“The Poet of the Evangelical Revival,” Charles Wesley composed around 6500 hymns and has been called “The Father of Methodist Hymnody” and “the greatest hymn writer of all ages.” At first the Methodist hymns appeared in print under both John’s and Charles’ names, but it is generally agreed that John’s contribution was in translating hymns from other languages into English; Charles was the composer of original hymns.

What Charles provided was a plain and simple hymnody to complement his brother’s plain and simple preaching. Song from the beginning was a major part of the Methodist program. Charles’ production of hymns is like his brother’s endurance in preaching. Although few people read John’s sermons today, much less use them in devotional exercises, many people still sing Charles’ hymns, which are a part of nearly every Protestant hymnal.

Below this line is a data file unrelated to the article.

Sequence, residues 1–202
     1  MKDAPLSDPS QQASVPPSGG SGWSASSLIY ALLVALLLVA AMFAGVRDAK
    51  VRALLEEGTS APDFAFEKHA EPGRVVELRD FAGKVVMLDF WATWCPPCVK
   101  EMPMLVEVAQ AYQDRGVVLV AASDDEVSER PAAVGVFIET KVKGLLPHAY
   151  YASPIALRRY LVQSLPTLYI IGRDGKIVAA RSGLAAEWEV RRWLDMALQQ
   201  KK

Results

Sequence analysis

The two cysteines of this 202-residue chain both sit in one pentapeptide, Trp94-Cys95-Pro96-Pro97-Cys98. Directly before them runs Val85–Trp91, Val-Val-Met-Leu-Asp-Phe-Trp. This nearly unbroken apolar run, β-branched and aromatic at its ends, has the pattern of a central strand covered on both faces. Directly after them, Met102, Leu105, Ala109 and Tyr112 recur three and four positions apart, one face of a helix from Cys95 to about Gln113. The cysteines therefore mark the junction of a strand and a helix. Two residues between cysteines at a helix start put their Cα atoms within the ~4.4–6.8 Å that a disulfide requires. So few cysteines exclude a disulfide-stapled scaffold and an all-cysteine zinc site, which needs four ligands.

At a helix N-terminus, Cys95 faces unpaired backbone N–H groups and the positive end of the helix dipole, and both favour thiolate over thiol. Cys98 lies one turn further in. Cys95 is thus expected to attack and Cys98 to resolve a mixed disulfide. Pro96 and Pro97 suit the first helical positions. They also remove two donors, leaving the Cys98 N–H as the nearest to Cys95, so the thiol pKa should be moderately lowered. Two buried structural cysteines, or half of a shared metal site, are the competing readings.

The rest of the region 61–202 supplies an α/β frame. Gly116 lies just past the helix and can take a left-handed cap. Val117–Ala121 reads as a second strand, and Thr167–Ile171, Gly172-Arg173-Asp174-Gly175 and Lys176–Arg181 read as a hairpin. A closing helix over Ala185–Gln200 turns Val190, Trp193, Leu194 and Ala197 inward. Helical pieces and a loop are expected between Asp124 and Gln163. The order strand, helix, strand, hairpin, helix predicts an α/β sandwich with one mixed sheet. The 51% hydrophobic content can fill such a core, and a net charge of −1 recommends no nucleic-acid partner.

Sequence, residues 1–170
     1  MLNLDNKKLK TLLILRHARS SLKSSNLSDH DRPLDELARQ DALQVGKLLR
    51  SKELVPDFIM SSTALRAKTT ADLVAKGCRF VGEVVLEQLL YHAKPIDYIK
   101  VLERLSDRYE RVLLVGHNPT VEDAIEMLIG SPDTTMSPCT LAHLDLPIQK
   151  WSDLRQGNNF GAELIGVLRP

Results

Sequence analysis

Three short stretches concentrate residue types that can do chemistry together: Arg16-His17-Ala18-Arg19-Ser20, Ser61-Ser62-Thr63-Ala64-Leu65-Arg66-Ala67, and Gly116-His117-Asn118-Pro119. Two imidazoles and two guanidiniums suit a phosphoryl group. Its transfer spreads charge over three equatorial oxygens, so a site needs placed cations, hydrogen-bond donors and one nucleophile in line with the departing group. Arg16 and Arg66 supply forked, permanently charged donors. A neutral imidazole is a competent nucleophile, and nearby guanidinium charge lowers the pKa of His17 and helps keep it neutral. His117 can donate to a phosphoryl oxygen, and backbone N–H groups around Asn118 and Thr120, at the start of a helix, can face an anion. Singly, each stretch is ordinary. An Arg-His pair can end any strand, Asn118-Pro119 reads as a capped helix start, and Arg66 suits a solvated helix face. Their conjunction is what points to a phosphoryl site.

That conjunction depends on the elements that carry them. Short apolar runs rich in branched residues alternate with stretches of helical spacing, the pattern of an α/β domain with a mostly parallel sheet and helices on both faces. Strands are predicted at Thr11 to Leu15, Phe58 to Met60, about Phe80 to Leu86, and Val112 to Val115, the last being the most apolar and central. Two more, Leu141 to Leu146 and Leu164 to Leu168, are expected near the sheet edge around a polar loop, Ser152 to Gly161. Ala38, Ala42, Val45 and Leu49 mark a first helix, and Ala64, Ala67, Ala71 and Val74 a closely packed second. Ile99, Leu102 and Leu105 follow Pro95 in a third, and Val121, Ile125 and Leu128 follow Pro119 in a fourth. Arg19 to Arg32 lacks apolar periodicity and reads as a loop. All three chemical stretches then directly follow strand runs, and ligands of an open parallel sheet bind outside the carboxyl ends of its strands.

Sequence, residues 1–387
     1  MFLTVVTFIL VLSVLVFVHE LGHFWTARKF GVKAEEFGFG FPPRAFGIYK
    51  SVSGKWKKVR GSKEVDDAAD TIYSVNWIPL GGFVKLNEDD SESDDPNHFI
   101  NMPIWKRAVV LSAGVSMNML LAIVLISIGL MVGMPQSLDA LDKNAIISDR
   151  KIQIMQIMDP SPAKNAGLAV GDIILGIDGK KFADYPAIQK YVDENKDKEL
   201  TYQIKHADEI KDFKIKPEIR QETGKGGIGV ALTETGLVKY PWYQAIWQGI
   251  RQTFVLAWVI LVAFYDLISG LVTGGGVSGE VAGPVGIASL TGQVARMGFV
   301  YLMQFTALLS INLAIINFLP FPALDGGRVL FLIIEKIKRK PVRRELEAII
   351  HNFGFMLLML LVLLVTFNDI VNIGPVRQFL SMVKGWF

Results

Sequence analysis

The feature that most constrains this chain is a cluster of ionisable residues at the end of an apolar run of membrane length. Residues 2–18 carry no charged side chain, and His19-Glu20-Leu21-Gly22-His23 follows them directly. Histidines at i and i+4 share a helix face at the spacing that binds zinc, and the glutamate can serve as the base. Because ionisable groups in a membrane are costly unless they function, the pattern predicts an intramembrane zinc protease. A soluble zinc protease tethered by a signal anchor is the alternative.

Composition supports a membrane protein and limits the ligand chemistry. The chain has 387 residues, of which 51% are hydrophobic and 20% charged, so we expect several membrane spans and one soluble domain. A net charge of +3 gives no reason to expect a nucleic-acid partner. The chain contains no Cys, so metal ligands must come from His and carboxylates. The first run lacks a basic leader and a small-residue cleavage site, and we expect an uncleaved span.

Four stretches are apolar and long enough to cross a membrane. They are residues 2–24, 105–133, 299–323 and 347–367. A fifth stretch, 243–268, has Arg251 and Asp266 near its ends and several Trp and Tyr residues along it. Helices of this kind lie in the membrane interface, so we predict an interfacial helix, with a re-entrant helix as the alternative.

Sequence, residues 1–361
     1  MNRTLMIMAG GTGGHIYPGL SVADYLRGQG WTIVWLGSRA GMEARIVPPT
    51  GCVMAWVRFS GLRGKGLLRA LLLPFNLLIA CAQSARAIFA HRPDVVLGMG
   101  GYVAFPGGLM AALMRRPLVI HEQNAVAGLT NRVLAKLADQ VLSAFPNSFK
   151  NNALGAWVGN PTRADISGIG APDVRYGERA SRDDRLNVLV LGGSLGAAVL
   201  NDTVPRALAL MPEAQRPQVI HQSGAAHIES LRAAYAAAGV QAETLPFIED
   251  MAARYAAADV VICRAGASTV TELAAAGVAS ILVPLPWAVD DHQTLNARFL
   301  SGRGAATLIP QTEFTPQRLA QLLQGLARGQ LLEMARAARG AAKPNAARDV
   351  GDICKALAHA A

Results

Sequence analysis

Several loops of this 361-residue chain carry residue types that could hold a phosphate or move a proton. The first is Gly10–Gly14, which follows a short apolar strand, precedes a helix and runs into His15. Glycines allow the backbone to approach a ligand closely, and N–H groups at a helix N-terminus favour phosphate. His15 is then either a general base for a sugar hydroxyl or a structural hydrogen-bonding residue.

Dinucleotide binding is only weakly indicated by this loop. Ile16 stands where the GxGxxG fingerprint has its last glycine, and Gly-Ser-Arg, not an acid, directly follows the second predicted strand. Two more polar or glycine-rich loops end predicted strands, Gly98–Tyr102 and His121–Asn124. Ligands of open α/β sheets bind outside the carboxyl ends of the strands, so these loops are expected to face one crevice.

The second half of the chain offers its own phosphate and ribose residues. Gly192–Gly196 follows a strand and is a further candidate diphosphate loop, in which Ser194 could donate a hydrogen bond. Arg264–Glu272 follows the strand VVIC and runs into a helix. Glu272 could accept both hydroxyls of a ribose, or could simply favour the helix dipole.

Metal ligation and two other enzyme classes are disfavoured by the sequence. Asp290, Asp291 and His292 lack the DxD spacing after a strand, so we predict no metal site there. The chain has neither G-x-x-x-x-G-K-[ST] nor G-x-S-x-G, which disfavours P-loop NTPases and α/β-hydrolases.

Charles was vastly more popular than the great hymn writer of the previous age—Isaac Watts (1674–1748). A sign of his love of music is his sons’ and grandson’s professional involvement in the music world.

Among the familiar hymns of Charles Wesley are:

“Jesus, Lover of My Soul”

“O for a Thousand Tongues to Sing”

“Hark, the Herald Angels Sing”

“And Can It Be That I Should Gain?”

“Come, Thou Long-Expected Jesus”

“Love Divine, All Loves Excelling”

To many of his sophisticated contemporaries, the hymns of Charles Wesley were controversial. Today, his hymns are among the classics of hymnody.